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 with Rob Miskosky

It's a Fine Line

“I’m not allowing hunting this year,” he said, looking genuinely disappointed.

“Why?” I asked, clearly shocked that one of my favourite landowners was denying me permission. Not that I had ever taken an animal from his land but it was a good spot to bring a partner with a mule deer doe quota licence, introduce him to Dan and fill a doe tag. I’d done this twice over the past five years, including the previous season after he’d pointed us in the right direction.

“We had too many problems last year. A couple of guys shot a moose right next to the house and somebody else shot a cow elk that died in my backyard. Neither had permission,” he replied. “I had to get Fish and Wildlife involved.”

I could tell he was uncomfortable. Over the years we had shared a beer and exchanged stories. He once even gave me and another hunting partner the use of his dad’s workshop to hang a couple of deer we had tagged—one from his land and the other from a nearby neighbour’s. His wife, Rebecca, is also a pleasure to talk to; they are good people and I send them this magazine each month in appreciation.

He apologized and offered that I should stop in again. “Things change,” he’d said.

Losing the opportunity to hunt their land wasn’t a huge loss but it bothered me. The actions of others had affected me personally and that didn’t sit very well. Hell, I’d never even fired a shot on their land in five years but was now being denied access.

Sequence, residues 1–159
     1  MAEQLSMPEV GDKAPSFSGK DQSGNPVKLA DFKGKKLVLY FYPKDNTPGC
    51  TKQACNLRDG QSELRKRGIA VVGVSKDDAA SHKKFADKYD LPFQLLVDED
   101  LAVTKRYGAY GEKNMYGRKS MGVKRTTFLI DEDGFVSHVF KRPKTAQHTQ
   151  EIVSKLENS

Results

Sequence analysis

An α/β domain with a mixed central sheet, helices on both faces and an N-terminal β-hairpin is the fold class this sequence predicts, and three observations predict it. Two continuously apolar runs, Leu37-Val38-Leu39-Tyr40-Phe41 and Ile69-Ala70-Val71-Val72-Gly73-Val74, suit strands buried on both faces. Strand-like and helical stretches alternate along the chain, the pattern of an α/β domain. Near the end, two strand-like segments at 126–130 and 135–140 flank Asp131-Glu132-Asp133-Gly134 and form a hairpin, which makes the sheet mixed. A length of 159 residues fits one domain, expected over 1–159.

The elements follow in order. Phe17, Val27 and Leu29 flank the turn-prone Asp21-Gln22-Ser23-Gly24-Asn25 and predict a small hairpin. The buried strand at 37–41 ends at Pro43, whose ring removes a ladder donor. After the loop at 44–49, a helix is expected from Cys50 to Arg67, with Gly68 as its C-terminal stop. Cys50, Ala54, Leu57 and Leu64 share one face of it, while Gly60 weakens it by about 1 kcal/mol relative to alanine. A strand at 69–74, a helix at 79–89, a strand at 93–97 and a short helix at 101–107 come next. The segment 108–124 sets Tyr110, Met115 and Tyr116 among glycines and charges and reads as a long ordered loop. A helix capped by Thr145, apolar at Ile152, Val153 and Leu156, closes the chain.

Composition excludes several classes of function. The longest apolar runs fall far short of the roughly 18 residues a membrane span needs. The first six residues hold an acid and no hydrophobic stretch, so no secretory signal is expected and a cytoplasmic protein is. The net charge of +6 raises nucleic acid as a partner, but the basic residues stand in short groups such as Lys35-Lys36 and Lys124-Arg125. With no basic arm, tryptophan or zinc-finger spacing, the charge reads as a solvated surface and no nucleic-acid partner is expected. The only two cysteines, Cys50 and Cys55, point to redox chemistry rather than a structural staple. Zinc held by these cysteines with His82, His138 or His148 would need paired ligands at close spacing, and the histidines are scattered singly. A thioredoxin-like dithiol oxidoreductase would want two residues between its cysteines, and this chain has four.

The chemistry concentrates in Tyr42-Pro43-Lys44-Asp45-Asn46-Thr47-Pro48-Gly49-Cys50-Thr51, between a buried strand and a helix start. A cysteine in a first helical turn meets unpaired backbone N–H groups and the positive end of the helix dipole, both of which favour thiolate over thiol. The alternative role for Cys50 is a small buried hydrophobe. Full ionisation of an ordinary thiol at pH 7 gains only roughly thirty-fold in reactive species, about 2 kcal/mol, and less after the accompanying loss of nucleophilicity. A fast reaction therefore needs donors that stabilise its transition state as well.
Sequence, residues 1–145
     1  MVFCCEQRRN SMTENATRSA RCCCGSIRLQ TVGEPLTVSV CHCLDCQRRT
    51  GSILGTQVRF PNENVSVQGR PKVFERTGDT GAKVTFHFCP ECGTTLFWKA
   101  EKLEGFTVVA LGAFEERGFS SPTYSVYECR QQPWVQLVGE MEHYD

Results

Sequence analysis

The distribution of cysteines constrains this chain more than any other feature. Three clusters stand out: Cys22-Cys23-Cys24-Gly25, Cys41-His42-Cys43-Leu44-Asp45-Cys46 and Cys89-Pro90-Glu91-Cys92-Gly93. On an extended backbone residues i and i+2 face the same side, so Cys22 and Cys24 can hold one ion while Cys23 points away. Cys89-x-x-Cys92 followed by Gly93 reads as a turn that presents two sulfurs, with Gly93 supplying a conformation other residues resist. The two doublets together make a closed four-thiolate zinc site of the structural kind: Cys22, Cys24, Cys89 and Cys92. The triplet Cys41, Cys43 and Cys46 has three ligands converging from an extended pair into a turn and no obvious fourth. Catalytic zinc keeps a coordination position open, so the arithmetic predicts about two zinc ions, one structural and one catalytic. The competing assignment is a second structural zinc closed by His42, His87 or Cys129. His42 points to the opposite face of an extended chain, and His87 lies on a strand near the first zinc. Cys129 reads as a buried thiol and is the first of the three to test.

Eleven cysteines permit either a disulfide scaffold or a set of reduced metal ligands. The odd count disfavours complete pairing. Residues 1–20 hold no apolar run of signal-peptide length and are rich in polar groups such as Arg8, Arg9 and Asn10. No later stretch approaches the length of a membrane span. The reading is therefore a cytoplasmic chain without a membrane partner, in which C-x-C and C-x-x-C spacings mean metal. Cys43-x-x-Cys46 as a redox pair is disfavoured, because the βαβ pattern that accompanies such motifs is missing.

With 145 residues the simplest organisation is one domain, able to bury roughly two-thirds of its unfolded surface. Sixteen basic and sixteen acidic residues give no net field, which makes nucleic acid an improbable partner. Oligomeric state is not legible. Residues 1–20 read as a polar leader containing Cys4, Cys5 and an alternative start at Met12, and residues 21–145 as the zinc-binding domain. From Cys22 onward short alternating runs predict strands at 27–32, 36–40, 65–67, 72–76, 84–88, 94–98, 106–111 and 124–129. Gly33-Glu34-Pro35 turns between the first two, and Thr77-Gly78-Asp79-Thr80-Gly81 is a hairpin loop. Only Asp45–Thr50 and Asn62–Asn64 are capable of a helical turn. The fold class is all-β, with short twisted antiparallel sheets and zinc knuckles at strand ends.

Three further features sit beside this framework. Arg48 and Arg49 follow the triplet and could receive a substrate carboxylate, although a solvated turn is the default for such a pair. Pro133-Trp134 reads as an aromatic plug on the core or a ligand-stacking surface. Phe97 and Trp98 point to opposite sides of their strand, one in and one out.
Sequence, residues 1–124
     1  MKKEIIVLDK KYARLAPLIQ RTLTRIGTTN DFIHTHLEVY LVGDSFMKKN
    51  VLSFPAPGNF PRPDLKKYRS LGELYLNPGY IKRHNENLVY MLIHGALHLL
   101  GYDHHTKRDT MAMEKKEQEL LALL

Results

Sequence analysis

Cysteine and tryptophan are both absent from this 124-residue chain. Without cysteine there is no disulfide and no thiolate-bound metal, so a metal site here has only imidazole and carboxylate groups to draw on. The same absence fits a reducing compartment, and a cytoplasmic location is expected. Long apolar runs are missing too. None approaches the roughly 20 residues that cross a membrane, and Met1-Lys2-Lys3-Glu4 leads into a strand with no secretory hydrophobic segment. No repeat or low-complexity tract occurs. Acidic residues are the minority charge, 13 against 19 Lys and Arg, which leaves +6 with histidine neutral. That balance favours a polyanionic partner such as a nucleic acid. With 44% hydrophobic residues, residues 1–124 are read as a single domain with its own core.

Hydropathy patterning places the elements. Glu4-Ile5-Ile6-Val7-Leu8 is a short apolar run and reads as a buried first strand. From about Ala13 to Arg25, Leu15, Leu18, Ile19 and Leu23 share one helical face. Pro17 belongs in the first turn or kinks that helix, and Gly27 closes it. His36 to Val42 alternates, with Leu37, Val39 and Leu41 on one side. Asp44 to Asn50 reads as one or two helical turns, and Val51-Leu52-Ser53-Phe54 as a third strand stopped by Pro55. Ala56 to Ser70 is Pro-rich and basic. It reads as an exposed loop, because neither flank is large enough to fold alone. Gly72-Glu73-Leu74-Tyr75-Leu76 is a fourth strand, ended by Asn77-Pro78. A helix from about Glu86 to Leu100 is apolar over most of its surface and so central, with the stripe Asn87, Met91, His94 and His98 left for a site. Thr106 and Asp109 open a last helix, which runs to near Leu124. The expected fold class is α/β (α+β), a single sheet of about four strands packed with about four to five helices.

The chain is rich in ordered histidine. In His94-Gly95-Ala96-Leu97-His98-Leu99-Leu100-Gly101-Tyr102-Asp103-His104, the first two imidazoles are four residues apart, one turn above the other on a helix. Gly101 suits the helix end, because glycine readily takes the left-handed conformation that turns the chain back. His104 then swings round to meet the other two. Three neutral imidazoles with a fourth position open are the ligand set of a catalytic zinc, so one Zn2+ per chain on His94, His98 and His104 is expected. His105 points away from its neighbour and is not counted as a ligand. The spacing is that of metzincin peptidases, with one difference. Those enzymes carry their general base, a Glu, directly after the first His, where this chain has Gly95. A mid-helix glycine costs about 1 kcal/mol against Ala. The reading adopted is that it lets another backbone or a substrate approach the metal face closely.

Something wasn’t right.

I’ve spent the vast majority of my hunting life on Crown lands. To this day, my “home forest” is Crown land and it will remain that way. But I’ve enjoyed my yearly forays into the Peace Country. This part of Alberta has become a part of me that I can’t deny. The vast, rolling coulee’s and mixed forests that rise up to meet golden fields is a sight to behold. It truly is a wondrous place.

And there is an abundance of game, not so much now because of the “killing winter” of 2006, but more than can be seen in most parts of this province. But give it time.

Hunters are the best option for game population management.
Because of this, area landowners asked Fish and Wildlife for help—too many animals were being killed on highways and night-lit backroads in vehicle collisions, crops were being damaged and they posed a serious threat to possible human injury.

And with this help comes the hunter, those of us who love the outdoors, who cherish the time we spend afield and who enjoy the taste of wild game—we are the management tool.

And so we need each other.

And because of this need many friendships have been made between hunters and landowners.

But not all has been rosy.

Not only in this part of the province but province-wide there is a problem, and it is a serious one that needs to be addressed.

Honest, legitimate hunters, of which the majority of us are, I hope! are being tarnished by the acts of slob hunters, poachers and those who use hunting as a reason to vandalize by shooting signs and buildings, trespass and leave gates open, with alcohol being a primary factor—hooligans.